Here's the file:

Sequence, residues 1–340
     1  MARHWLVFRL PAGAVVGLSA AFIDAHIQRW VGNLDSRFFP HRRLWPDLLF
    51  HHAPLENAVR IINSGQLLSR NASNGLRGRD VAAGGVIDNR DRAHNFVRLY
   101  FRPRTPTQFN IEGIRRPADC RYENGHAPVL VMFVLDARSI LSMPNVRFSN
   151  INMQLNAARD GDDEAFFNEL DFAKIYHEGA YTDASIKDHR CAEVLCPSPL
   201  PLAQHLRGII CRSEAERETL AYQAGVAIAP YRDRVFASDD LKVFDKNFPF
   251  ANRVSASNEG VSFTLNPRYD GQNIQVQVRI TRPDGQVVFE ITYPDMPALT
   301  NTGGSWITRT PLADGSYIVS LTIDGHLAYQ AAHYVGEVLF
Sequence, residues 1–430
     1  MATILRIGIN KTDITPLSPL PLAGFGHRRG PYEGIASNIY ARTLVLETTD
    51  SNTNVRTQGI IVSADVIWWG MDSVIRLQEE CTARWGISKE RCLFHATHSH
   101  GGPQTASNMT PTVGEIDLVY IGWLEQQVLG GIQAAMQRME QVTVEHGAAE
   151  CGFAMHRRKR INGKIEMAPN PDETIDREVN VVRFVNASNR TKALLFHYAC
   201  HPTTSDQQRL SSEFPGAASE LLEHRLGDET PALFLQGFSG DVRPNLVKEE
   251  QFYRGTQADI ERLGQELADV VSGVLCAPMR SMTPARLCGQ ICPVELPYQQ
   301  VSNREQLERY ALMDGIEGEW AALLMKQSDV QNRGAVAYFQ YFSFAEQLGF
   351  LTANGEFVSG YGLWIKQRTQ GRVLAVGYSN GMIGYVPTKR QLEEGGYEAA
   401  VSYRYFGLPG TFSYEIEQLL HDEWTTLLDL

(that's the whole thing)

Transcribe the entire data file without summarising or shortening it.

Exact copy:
Sequence, residues 1–340
     1  MARHWLVFRL PAGAVVGLSA AFIDAHIQRW VGNLDSRFFP HRRLWPDLLF
    51  HHAPLENAVR IINSGQLLSR NASNGLRGRD VAAGGVIDNR DRAHNFVRLY
   101  FRPRTPTQFN IEGIRRPADC RYENGHAPVL VMFVLDARSI LSMPNVRFSN
   151  INMQLNAARD GDDEAFFNEL DFAKIYHEGA YTDASIKDHR CAEVLCPSPL
   201  PLAQHLRGII CRSEAERETL AYQAGVAIAP YRDRVFASDD LKVFDKNFPF
   251  ANRVSASNEG VSFTLNPRYD GQNIQVQVRI TRPDGQVVFE ITYPDMPALT
   301  NTGGSWITRT PLADGSYIVS LTIDGHLAYQ AAHYVGEVLF
Sequence, residues 1–430
     1  MATILRIGIN KTDITPLSPL PLAGFGHRRG PYEGIASNIY ARTLVLETTD
    51  SNTNVRTQGI IVSADVIWWG MDSVIRLQEE CTARWGISKE RCLFHATHSH
   101  GGPQTASNMT PTVGEIDLVY IGWLEQQVLG GIQAAMQRME QVTVEHGAAE
   151  CGFAMHRRKR INGKIEMAPN PDETIDREVN VVRFVNASNR TKALLFHYAC
   201  HPTTSDQQRL SSEFPGAASE LLEHRLGDET PALFLQGFSG DVRPNLVKEE
   251  QFYRGTQADI ERLGQELADV VSGVLCAPMR SMTPARLCGQ ICPVELPYQQ
   301  VSNREQLERY ALMDGIEGEW AALLMKQSDV QNRGAVAYFQ YFSFAEQLGF
   351  LTANGEFVSG YGLWIKQRTQ GRVLAVGYSN GMIGYVPTKR QLEEGGYEAA
   401  VSYRYFGLPG TFSYEIEQLL HDEWTTLLDL